Filled with glistening black sonic gems for the fishnets-and-rivets crowd...
By Gregory S. Burkart
Last week we tried something new here at FEARnet's music department and offered a taste of the latest and pending musical arrivals from one of the world's premier purveyors of devilish rhythms and dark electronic delights, Metropolis Records. After heralding Too Much History, a two-disc retrospective of German industrial legends Die Krupps, and the roof-raising proto-punk of The A.K.A.s (Are Everywhere!), we realized we couldn't possibly cram the label's entire February and March slate into one review... so once again into the darkness, dear friends.
This time round, it's only fair to flip to the lighter side of industrial ? if such a thing exists ? to find Hanzel Und Gretyl, who despite their moniker are not actually a German band at all (they hail from New York), but seem committed to out-Germanizing the most Teutonic bands in the business. It's all served up with a leer and a touch of sarcasm... no, make that a giant, rusty shovelful of sarcasm. Subtlety is not this band's strong suit, and they dig it like that: their oft-quoted motto is ?Machines Good, People Bad.? After hitting their stride as an opening act for Marilyn Manson in the mid-'90s and contributing a track to Mortal Kombat: Annihilation, they made a name for themselves through a highly deranged, over-the-top sense of humor, typified by album titles like Transmissions From Uranus.
Their latest album, 2012: Zwanzig Zwolf, is their third full-length release for Metropolis and a continuation of the apocalyptic concepts asserted in most of their work. Based on the Mayan prophecy of the world ending in 2012, the theme of this bombastic epic is basically ?Party ?til your flesh melts.? Like I said, no nuances here... just harsh electronics, deafening beats and ridiculously overdriven guitars, accompanied by siren wails, explosions, computerized vocals and tortured, guttural screams from PVC-lederhosen-clad vocalist Loopy, all executed (pun intended) with Wagnerian flourish.
This is less of an industrial effort than straight-up extreme metal embellished with electronic elements (like EBM's ubiquitous ?hoover? synth lead) and sampling galore, and taken in that context it's pretty effective. Though they strive to be as outlandish as possible, their tight technical skills do come through, which is essential for any band that aspires to this kind of cartoonish insanity (take GWAR, for example). If they sucked musically, the joke would end up being on them. Fortunately, they're a pretty wicked combo, and their lyrics are an often hilarious mock-German amalgam.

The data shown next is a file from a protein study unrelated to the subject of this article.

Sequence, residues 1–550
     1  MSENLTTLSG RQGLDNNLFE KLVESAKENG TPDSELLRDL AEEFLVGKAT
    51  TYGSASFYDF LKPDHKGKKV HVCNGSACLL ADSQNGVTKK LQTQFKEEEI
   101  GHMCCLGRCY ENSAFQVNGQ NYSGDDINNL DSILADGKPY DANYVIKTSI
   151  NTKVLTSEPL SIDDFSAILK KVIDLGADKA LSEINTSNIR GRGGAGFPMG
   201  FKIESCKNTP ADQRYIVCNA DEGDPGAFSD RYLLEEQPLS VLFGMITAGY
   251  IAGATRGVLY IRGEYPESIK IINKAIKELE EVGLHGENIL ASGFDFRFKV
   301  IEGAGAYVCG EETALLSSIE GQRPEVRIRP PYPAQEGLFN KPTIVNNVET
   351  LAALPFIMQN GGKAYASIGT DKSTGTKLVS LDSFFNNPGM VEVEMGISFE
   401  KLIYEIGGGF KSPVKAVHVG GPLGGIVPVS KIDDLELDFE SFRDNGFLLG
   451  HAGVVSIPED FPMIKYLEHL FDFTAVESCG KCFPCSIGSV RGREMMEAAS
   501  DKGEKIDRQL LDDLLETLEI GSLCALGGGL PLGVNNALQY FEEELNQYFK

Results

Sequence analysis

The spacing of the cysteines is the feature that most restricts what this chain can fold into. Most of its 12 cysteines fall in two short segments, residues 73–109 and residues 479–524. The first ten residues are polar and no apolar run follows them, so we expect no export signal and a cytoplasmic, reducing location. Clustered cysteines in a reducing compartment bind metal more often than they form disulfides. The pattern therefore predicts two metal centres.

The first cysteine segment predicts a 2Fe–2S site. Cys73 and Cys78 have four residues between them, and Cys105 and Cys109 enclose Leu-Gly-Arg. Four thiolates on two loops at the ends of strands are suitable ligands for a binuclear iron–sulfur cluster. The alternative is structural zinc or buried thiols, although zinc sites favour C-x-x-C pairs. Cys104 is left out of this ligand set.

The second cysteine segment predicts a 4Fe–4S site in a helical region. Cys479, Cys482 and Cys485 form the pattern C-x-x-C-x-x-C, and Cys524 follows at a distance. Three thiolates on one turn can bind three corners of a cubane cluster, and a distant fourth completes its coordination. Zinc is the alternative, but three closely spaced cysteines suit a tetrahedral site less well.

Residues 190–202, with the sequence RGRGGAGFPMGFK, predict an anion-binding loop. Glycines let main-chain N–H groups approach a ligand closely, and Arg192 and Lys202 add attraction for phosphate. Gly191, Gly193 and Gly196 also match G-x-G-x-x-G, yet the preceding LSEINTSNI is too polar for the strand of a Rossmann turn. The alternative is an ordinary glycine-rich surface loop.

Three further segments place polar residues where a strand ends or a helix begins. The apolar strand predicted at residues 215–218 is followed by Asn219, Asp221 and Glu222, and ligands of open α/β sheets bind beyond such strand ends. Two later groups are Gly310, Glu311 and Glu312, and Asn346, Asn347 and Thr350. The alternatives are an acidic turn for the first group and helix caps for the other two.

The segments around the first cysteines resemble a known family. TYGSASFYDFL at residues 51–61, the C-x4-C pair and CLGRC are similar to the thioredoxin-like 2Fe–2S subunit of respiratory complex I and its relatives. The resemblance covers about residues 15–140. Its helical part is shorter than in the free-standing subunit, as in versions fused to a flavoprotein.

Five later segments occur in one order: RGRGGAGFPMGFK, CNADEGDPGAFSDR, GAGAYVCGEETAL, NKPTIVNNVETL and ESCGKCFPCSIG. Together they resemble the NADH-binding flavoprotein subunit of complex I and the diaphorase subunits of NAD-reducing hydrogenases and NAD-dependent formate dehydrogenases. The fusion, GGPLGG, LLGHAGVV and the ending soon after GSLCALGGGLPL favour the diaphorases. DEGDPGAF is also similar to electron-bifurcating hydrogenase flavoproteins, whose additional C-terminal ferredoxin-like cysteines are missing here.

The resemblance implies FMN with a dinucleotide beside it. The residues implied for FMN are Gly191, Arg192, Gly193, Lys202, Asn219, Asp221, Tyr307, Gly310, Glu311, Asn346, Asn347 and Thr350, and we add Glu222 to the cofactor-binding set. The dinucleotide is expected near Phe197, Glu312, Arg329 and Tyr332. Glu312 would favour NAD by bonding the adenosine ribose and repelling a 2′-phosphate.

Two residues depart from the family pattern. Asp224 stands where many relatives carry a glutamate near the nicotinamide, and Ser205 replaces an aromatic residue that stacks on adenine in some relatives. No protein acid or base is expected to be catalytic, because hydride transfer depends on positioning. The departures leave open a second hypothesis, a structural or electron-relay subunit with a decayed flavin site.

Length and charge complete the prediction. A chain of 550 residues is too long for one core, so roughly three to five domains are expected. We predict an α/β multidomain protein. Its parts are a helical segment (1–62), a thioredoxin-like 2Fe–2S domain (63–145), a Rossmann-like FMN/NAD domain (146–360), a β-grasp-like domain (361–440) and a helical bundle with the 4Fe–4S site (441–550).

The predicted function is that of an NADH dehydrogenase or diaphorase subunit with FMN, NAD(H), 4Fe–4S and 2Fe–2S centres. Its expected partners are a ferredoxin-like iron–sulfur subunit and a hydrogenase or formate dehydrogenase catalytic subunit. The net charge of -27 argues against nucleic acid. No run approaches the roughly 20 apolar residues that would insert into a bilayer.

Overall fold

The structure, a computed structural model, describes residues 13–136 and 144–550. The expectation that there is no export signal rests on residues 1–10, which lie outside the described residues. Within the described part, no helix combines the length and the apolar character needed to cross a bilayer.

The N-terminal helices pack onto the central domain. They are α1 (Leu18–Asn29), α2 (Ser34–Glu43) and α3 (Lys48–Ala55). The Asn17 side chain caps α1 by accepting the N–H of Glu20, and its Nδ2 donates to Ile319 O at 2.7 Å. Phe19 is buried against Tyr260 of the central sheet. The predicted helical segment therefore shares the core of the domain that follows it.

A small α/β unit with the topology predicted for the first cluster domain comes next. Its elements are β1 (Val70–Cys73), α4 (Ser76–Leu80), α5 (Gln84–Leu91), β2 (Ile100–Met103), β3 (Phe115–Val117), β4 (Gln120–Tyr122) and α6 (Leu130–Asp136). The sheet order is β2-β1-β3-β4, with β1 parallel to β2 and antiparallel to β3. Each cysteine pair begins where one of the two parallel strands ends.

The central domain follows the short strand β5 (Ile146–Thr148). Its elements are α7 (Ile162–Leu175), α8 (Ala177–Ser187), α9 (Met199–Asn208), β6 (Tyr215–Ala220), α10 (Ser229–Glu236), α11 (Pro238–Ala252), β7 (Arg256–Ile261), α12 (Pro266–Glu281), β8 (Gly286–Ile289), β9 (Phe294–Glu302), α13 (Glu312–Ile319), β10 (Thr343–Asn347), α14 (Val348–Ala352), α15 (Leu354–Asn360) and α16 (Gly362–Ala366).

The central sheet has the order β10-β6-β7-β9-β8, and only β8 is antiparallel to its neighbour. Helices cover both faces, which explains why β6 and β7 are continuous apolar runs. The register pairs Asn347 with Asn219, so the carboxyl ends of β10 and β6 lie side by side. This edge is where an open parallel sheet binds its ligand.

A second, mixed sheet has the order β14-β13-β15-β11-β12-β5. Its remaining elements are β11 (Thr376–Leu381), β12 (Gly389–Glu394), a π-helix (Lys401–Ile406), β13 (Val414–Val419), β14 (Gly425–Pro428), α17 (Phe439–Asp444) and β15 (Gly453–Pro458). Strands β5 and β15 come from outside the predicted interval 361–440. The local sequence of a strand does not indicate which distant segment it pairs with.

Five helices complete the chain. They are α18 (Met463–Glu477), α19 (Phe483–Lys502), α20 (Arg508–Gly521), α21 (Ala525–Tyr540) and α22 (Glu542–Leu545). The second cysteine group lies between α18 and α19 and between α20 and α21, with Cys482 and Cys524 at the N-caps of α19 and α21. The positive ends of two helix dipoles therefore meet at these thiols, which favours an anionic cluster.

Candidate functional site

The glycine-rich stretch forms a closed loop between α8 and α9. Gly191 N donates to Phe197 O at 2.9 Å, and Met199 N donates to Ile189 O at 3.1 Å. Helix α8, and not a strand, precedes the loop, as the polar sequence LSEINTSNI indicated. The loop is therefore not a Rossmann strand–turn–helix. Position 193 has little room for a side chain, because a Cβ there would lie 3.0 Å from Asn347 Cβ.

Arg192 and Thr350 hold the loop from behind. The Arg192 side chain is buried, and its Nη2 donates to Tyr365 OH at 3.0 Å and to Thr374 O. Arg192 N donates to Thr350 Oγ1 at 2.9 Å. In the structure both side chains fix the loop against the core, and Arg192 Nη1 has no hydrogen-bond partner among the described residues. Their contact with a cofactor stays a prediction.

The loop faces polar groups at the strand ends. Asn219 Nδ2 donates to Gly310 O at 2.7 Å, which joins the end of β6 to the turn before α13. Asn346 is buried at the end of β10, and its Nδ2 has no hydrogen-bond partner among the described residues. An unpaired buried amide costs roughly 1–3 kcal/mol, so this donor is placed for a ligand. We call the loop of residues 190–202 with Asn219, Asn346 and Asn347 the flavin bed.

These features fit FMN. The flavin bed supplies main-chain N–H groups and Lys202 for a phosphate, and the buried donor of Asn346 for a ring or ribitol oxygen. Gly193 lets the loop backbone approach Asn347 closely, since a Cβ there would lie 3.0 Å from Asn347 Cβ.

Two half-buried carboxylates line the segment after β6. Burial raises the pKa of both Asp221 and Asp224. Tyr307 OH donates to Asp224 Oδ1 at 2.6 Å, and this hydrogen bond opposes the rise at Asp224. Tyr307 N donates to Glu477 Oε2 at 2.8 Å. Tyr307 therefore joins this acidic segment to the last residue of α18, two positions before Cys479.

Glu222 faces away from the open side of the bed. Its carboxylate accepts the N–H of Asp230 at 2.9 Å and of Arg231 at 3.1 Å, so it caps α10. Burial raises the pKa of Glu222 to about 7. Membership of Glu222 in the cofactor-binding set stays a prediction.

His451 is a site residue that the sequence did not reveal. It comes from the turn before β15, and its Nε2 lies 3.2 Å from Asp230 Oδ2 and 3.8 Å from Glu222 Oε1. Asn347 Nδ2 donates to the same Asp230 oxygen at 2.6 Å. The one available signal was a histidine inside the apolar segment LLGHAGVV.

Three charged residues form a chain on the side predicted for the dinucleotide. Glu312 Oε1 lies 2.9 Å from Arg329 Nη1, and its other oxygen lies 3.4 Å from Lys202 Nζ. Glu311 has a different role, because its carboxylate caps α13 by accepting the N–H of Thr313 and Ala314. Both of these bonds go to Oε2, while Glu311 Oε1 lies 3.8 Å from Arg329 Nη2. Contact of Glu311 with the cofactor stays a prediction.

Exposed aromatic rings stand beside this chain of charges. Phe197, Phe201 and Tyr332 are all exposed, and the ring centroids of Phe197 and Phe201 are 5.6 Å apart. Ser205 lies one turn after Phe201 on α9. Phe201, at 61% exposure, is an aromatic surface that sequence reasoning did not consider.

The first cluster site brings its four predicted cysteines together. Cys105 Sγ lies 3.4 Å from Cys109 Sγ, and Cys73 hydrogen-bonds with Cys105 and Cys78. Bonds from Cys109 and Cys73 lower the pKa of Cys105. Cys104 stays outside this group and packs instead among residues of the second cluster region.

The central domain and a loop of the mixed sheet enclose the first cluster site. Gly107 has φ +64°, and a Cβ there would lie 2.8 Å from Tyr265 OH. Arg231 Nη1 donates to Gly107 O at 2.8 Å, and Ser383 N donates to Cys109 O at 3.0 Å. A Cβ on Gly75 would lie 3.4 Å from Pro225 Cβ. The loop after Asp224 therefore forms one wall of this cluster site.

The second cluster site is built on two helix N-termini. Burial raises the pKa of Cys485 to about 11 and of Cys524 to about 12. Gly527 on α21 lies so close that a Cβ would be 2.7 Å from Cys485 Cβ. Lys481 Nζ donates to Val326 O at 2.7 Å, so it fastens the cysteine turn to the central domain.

Case in point: only this band could get away with a song titled Heil Hizzle Mein Nizzle, with the title words repeatedly chattered by a Stephen Hawking-style voice synthesizer over a hefty thrash riff... and while you're giggling, they club you solidly over the head with the thunderous, operatic Lederhozen Macht Frei. Silly titles notwithstanding, there are some real burners in this bunch, including Fukken Uber Death Party, Bavarian Beerhauz Blood, and the explosive Sternkrieg. Production on these tracks is simple, but still very big-sounding, with tight, stacked riffs, deep kicks and some of the lowest bass lines I've ever heard. If you're into seriously heavy electro-metal served up with even heavier irony, Hanzel Und Gretyl may be the band for you.
Now that my ears have stopped hemorrhaging, let?s dial it down ? waaaay down ? from fist-pumping, head-banging mode and check out the new release from the French synth duo Die Form, comprised of instrumentalist Phillipe Fichot and singer Eliane P. Recognized for nearly 30 years for a uniquely erotic blend of lush electronics, operatic vocals and multi-ethnic beats, all tied up (so to speak) in sadomasochistic overtones, risqué performance pieces and gorgeous album art (courtesy of Fichot), Die Form?s music is just as fitting for a cozy night in front of the fire with your favorite Gothic novel as it would a backing track for the fanny-smackin' shenanigans at your local S&M club.